Bug#478062: This has a work around
Ah, there were some other bug reports as well to discover...
On Tue, 6 May 2008, Damon L. Chesser wrote:
> I received an email from Ilpo Järvinen asking me to set F-RTO to off in
> sysctl. I could not get the syntax right in that file to boot with that
> option off so I ran
> echo 0 >/proc/sys/net/ipv4/tcp_frto and I then ran a test page through the
> cups web front end. It printed.
The command you used was exactly what I was asking for (I don't know what
else you expected to work). :-)
So the problem was 100% reproducable for you with FRTO (I'm still catching
up the details here :-))?
> I don't know who Ilpo Järvinen <firstname.lastname@example.org> is, but a quick
> google shows he appears to be a kernel developer.
Yeah, you found out a right one. :-)
I suspect there's some corner case which might be buggy in kernel, but
there are other possibilities currently as well. I'd like to get this
fixed if it's a kernel bug, and think about work-arounds if it seems to be
elsewhere (end-point or middlebox). It might be that those devices just
blantantly discard any out-of-order segments, it could explain this kind
of phenomena, but we'll soon see what's doing.
> What exactly do you want me to do to assist you pinning this down? I
> know the
> words "tcpdump" but I never ran it, it looks like you want me to run
> tcpdump -some switches. After perusing the man file, I thought it best to
> just ask you what options would be best to be run. Keep in mind I have one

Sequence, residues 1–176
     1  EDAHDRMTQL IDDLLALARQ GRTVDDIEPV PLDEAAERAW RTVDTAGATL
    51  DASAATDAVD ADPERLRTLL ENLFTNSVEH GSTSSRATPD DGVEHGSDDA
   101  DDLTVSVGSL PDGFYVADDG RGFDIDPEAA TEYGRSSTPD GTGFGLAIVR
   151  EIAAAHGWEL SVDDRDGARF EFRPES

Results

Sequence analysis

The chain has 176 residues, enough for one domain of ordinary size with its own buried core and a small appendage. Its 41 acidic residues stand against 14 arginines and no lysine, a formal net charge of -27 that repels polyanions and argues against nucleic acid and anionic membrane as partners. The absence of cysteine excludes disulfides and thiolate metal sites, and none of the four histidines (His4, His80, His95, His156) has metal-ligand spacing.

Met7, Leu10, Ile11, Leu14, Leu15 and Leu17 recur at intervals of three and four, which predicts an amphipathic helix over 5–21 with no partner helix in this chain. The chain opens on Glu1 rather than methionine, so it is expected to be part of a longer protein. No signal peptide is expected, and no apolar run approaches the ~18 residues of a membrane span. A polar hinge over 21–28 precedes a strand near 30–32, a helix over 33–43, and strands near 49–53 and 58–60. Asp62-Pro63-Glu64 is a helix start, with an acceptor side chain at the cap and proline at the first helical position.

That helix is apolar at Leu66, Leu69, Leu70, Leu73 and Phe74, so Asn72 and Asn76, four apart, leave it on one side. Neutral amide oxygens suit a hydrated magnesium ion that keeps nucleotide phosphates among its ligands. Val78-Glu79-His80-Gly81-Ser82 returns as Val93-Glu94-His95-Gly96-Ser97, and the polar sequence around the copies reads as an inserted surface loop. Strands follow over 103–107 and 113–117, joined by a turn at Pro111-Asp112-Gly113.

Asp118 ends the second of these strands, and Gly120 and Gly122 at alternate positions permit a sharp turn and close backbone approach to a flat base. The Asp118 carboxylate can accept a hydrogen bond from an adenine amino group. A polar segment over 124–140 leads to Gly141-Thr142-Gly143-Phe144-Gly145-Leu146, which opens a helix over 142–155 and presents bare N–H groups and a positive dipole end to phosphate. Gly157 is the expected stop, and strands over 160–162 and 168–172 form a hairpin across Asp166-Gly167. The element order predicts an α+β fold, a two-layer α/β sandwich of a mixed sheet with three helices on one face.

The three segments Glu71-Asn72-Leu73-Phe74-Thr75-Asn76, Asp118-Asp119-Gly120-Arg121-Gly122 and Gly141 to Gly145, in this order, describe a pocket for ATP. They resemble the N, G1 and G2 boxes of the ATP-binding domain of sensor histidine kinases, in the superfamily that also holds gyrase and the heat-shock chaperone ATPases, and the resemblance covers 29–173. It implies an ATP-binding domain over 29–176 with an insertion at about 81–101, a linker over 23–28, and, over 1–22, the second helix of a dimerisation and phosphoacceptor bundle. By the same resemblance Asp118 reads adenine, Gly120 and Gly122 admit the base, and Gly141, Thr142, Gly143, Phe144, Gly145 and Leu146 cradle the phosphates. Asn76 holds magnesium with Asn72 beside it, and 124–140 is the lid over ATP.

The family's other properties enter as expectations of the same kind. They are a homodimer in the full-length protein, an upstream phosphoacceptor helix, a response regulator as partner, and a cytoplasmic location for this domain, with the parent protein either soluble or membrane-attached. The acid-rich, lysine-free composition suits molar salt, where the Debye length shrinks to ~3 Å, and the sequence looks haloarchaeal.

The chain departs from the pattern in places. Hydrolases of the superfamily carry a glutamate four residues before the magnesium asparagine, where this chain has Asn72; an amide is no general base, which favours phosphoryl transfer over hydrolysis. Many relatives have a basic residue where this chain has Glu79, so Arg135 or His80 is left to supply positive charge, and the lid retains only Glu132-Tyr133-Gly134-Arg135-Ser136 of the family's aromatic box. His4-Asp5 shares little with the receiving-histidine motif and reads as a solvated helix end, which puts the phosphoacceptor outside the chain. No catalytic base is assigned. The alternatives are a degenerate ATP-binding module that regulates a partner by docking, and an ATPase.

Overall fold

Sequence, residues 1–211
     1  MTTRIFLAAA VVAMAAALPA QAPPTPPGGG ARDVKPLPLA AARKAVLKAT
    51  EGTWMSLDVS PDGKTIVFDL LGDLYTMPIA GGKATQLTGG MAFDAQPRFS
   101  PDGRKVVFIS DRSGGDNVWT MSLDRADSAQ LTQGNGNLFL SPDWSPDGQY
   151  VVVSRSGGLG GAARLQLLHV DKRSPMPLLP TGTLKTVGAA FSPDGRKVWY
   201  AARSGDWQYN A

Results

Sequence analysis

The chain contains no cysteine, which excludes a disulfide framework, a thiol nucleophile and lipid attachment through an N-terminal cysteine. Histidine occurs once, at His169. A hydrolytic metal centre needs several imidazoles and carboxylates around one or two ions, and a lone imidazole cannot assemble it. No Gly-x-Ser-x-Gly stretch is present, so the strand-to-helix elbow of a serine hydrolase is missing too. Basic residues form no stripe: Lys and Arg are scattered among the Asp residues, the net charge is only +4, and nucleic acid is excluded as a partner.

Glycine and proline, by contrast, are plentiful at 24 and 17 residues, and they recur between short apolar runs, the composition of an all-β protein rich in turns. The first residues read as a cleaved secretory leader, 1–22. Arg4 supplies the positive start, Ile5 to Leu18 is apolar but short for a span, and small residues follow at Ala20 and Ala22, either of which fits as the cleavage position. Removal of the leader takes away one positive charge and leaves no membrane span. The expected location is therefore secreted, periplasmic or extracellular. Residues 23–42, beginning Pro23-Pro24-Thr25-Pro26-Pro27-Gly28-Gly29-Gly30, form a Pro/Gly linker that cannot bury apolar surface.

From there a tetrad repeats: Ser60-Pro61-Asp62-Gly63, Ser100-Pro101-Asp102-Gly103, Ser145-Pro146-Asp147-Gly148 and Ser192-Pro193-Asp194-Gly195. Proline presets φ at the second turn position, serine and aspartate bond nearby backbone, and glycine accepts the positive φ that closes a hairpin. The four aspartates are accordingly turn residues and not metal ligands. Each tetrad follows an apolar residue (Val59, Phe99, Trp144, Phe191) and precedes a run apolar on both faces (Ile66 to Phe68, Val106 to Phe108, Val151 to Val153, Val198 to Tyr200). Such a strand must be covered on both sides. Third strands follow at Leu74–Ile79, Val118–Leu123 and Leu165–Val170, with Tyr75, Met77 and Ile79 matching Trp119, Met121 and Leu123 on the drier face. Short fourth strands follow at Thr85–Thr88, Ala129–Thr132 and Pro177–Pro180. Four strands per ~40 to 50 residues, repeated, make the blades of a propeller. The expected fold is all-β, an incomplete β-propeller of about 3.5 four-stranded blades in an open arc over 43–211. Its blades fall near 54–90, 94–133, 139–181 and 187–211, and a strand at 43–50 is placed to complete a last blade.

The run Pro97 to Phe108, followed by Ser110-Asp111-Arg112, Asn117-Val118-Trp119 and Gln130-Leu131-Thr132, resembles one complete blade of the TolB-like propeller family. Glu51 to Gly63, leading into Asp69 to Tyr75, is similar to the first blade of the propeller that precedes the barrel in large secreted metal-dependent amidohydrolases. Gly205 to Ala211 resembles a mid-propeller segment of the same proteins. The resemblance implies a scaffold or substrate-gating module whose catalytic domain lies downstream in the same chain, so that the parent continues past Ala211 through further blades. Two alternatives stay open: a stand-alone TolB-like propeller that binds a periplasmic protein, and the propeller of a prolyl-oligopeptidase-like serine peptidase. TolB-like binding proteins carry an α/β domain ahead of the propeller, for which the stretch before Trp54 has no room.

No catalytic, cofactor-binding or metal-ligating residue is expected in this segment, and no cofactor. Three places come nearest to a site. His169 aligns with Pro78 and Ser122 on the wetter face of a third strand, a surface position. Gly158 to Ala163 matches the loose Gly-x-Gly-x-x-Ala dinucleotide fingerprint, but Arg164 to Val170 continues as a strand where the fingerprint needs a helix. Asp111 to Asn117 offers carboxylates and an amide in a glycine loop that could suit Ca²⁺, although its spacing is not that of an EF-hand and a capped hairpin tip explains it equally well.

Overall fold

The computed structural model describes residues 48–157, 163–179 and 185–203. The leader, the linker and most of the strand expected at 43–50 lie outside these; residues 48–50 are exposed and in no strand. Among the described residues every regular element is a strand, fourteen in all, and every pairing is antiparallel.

> box on my net that is running a vpn to a business that I do NOT want sniffed,
> so I would think that host printerIP would be best?
Thanks a lot for the help. Yes, it's possible to get basically all
unrelated things filtered out, and I'm ok even with a log that has
IP-addresses anonymized (e.g., with sed afterwards) if you feel a need
to do so.
Turn FRTO back on (set the tcp_frto to 2). Then run this command (as
tcpdump -i <interface> -w frtoprob.log host <printerip> and host <localinterfaceip>
...That will exclude everything else but stuff between the relevant hosts,
you will get a file called frtoprob.log. Please change those <>-marked
parts so that they match you setup. I suppose that printerip should be
192.168.200.150 for your case (based on debian bug). ...Then just
reproduce the problem.
Please wait at least minutes before ctrl-c:ing the tcpdump! If you really
want to capture the whole flow, you can keep the tcpdump running until the
connection between <localinterfaceip> and <printerip> has disappeared
from netstat's output (might take considerable amount of time, 20mins or
so if it slowly makes progress whole the time), though I think I can
determine the problem pattern with somewhat less than that, e.g., 5mins
during the problem should probably be enough.
You can evaluate the generated log afterwards with tcpdump -r frtoprob.log
(superuser rights are no longer mandatory, as long as the generated log
file is accessable for an ordinary user). I'd like a verbose log, use this
tcpdump -tt -vvv -n -r frtoprob.log > frtoprob.txt
(You could add
| sed -e 's|<printerip>|prnt|g' -e 's|<localifaceip>|myip|g'
there before redirection if you would want to hide the ip addresses too,
but since you have one in debian bug too, I suspect you don't feel that
Send what is in the frtoprob.txt, preferrable in such format that there
won't be extra newlines (yes, the lines are long) :-). The generated
output doesn't contain even any payload between the printer and your
machine, just protocol headers printed out (the binary dump would contain
part of the payload), not to speak of anything between any other hosts.
...I hope I wasn't overly verbose here. :-)
I suppose you're willing to test some kernel patch as well if that becomes